Presenting low/er strength alcohol products as suitable for consumption on a wider range of occasions than regular strength products suggests they may be being marketed to replace soft drinks rather than alcohol products of regular strength.
That’s it. That’s all there is. There is no actual result here. No evidence at all. It all rests on a ‘suggests’. All it’s saying is ‘It kind of looks like the ads say you can drink low-alcohol drinks on occasions where you wouldn’t drink a full-strength one, so maybe these companies are trying to make people drink this stuff instead of a Coke’.
Seriously, that’s all there is to this paper. A dubious Twitter-level opinion, dressed up with some scientific verbiage to make it look credible, but which does nothing to support the claim being made. (Not that I would give a shit whether alcohol companies were doing this anyway. I’m an adult, I can make my own decisions.) This is a Sociology seminar talking-point, not a scientific result.
They also say:
Furthermore, the marketing messages suggesting extended occasions for low/er strength alcohol consumption may be additional to regular strength alcohol consumption
Note again that this all rests on a ‘suggesting.’ I can make suggestions all day, that doesn’t mean they should be published in supposed scientific journals.
while maintaining or extending recognition of the main brand in question.
Do they expect the brands not to do this in their advertising?
Importantly, although the development and sale of low/er strength alcohol alternatives has been portrayed by the alcohol industry as a way of removing units from the market (thereby reducing alcohol consumption in the population), none of the marketing messages captured on retailers’ and producers’ websites marketing low/er strength alcohol wines and beers mentioned drinking less
Why would they talk about drinking less when they’re selling lower-alcohol drinks? The point is the drinks have less alcohol, so you can drink the same amount but still consume less alcohol.
And it’s not like people simply do what ads tell them. We know that they don’t necessarily do that. The government puts “Just say No to drugs” ads everywhere, but not everyone listens, do they? And anyway, why should the producers of a legal commercial product be forced to make ads saying ‘Buy less of our products’?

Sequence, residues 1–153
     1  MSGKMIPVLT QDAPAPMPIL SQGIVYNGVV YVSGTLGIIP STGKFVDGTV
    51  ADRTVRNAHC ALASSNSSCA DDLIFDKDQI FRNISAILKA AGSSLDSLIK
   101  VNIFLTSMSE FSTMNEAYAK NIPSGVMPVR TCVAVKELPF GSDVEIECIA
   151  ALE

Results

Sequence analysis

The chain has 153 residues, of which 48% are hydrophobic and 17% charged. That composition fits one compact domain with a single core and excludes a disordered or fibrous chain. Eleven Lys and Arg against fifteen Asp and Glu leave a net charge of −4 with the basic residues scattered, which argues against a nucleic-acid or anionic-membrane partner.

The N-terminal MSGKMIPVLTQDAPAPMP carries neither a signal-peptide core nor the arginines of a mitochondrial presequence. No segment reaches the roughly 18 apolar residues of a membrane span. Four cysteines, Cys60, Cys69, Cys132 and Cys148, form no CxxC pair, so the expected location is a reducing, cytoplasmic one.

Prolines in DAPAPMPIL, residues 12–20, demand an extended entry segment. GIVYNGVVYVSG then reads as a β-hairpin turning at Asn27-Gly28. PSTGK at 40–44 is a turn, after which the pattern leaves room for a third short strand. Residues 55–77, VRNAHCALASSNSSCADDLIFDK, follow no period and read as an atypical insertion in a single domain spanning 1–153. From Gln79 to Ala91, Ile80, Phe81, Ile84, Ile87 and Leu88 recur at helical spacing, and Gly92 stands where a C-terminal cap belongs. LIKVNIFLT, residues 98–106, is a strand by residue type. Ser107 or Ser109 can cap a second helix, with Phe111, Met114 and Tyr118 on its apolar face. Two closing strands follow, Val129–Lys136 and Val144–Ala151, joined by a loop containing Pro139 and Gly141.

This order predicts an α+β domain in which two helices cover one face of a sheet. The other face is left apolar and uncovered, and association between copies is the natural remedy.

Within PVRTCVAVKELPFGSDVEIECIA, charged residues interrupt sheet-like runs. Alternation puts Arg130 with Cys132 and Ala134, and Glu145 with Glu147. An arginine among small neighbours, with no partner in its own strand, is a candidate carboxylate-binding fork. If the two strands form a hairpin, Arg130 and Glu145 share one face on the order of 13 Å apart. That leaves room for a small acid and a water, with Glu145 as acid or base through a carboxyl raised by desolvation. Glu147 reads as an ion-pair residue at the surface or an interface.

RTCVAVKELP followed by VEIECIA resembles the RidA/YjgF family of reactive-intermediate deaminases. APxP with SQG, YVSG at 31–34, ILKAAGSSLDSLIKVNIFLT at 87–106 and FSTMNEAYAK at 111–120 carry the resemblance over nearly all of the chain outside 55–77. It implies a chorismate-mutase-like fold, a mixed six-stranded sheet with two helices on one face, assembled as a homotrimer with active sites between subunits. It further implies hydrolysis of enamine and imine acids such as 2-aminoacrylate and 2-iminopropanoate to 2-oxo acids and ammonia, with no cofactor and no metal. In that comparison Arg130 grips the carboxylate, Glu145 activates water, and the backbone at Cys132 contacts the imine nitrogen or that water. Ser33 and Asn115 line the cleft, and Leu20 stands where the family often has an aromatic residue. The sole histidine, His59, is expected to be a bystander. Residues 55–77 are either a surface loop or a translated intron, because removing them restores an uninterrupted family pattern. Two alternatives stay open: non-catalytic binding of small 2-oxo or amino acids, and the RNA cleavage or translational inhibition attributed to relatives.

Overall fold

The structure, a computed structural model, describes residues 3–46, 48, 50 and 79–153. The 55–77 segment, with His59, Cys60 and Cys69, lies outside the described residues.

or reducing alcohol harms
If you saw an ad that said ‘this lower-alcohol beer will damage your liver less than full-strength beer will’, is that any more likely to make you buy it? Psychologists are, after all, always telling us that negative framing doesn’t work as well as positive framing.
Besides, people are already aware of the harms associated with alcohol. It’s not like an ad that went on about it would be giving us new information. We already consider the harm that alcohol can cause when we weigh up when, what and how much to drink. That’s why I don’t drink every lunchtime and every night.
Low/er strength wines and beers appear to be marketed not as substitutes for higher strength products
No evidence has been shown to support this claim.
but as ones that can be consumed on additional occasions
Again, there’s no evidence for this. The authors talk about low alcohol beer being advertised as perfect for having at picnics, barbeques, beaches, sports events, but they’re assuming that drinkers wouldn’t normally drink at such events, when of course they do. There’s no suggestion that you should have these drinks instead of a soft drink. (Of course some people may be tempted to have a low-alcohol drink when perhaps they would have had a soft drink instead of alcohol, but that’s their free choice. Advertisers can’t stop people doing that.)
with an added implication of healthiness…
But lower alcohol drinks are healthy, compared to drinking regular strength alcohol. That’s the context.
Overall, all we have is another High School Social Science Project dressed up as real science, which has fooled newspapers into taking it seriously/given lazy editors some free copy.